Water Houses clapper bridge
List Entry Summary
This monument is scheduled under the Ancient Monuments and Archaeological Areas Act 1979 as amended as it appears to the Secretary of State to be of national importance. This entry is a copy, the original is held by the Department for Culture, Media and Sport.
Name: Water Houses clapper bridge
List entry Number: 1007258
The monument may lie within the boundary of more than one authority.
District Type: District Authority
District Type: District Authority
National Park: Not applicable to this List entry.
Grade: Not applicable to this List entry.
This record has been generated from an "old county number" (OCN) scheduling record. As these are some of our oldest designation records they do not have all the information held electronically that our modernised records contain. Therefore, the original date of scheduling is not available electronically. The date of scheduling may be noted in our paper records, please contact us for further information.
Date first scheduled: 21-Feb-1977
Date of most recent amendment: Not applicable to this List entry.
Legacy System Information
The contents of this record have been generated from a legacy data system.
Legacy System: RSM - OCN
UID: CU 26
This list entry does not comprise part of an Asset Grouping. Asset Groupings are not part of the official record but are added later for information.
List entry Description
Summary of Monument
Water Houses Clapper Bridge.
Reasons for Designation
Clapper bridges are structures designed to carry a trackway across a river by means of one, or more, large, flat, stone slabs, either resting directly on the river banks or supported on dry stone piers. Many examples comprise a single slap while multi-span clapper bridges typically have between two and five spans. They were used by foot passengers and packhorse traffic and are frequently located on the course of a packhorse track. Although some clapper bridges are thought to be of prehistoric origin there is no evidence for this. It may be that surviving prehistoric monuments in the immediate vicinity of clapper bridges, such as those on Exmoor and Dartmoor has led to this assumption. It is more likely that clapper bridges were constructed and use from the late medieval period, around 1400 to the 19th century. They are found in areas of the country where the local rock yields large slabs of stone. Clapper bridges are very rare monuments with just over 40 recorded nationally.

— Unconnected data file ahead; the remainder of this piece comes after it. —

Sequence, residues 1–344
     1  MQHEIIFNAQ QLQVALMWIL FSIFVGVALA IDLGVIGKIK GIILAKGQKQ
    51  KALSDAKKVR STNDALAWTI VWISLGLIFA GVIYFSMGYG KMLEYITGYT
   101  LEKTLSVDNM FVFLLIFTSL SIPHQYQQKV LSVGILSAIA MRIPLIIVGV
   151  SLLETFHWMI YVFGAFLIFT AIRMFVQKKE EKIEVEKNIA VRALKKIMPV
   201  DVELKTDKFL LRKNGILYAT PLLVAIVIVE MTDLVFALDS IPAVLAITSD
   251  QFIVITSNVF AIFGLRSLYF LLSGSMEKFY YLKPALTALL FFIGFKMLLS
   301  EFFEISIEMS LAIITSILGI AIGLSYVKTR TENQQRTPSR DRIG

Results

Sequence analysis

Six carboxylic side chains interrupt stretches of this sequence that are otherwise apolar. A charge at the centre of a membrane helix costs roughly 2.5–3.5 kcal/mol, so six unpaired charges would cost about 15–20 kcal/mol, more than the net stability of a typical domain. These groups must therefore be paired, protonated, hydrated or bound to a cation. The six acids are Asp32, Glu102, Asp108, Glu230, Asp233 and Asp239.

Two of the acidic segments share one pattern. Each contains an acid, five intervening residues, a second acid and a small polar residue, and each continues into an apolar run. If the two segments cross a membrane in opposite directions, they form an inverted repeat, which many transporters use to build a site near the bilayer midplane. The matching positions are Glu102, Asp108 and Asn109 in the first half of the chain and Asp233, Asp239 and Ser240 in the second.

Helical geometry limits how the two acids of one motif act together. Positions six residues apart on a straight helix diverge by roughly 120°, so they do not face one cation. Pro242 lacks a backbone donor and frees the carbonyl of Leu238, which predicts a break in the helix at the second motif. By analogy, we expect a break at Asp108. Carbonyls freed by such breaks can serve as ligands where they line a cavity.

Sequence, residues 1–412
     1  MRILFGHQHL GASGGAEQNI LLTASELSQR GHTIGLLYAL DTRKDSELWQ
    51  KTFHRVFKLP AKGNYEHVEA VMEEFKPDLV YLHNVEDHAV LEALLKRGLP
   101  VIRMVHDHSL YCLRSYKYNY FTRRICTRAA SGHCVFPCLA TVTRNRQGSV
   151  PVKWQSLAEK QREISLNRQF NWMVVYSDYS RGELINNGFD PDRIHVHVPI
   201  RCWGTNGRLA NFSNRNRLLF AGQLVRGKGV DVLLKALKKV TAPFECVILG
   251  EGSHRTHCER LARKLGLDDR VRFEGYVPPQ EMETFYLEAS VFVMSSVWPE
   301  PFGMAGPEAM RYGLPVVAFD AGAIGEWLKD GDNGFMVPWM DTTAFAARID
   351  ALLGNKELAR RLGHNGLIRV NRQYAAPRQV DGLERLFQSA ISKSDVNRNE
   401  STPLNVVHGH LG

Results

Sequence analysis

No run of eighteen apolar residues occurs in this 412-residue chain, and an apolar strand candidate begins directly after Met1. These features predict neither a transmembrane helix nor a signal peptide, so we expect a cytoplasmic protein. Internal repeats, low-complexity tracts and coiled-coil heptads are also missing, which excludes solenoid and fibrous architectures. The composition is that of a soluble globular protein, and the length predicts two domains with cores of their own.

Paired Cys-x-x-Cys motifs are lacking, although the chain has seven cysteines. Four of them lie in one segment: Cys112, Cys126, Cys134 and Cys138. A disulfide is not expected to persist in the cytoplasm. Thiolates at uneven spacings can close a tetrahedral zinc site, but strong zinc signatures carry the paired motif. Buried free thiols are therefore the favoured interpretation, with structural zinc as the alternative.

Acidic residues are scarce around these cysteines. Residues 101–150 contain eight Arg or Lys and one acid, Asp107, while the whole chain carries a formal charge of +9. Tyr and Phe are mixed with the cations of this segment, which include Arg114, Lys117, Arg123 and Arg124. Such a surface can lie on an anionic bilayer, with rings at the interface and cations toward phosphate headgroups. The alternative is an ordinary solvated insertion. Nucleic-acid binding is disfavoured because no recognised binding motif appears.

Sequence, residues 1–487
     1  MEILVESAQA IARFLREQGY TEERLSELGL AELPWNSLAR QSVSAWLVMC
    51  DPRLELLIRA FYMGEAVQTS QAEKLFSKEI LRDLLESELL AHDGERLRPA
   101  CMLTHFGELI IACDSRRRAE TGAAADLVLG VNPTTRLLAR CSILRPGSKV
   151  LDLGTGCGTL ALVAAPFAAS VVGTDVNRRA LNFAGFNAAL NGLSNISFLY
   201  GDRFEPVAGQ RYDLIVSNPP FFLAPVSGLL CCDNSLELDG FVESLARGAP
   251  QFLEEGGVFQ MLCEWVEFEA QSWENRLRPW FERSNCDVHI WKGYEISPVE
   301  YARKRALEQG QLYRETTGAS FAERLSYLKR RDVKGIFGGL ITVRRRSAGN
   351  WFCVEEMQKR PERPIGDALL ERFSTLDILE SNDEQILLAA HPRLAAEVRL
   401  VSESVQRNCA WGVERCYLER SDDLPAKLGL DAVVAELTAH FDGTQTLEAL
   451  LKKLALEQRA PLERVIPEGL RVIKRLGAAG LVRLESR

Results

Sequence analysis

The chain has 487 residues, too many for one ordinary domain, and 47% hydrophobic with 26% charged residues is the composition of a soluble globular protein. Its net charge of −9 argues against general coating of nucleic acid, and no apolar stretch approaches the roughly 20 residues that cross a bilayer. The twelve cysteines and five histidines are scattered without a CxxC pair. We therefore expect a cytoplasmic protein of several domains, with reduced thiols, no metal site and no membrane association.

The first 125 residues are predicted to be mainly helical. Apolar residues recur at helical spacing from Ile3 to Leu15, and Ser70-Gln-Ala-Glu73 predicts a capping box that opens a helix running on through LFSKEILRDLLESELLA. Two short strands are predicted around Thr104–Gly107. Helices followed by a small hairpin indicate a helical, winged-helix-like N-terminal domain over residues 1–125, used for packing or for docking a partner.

Water Houses Clapper Bridge represents a well-preserved example of a rare monument type. The monument provides insight into the importance of bridges and the use of local materials during the later medieval and post-medieval periods.
This record was the subject of a minor enhancement on 24 February 2016. This record has been generated from an "old county number" (OCN) scheduling record. These are monuments that were not reviewed under the Monuments Protection Programme and are some of our oldest designation records.
The monument includes a clapper bridge, which spans Waterhouses Beck, and its associated flagged path. The bridge consists of seven large flags, supported by single upright flags. The spanning flags are 0.5m wide and up to 2m in length and the uprights average 0.75m in width and 1m in height. A flagstone path, which continues north west from the bridge for approximately 17m along the south west side of the beck, also forms part of the monument.
PastScape Monument No:- 14991
National Grid Reference: NY 71300 10870
The above map is for quick reference purposes only and may not be to scale. For a copy of the full scale map, please see the attached PDF - 1007258 .pdf
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This copy shows the entry on 25-Jun-2018 at 02:44:31.
End of official listing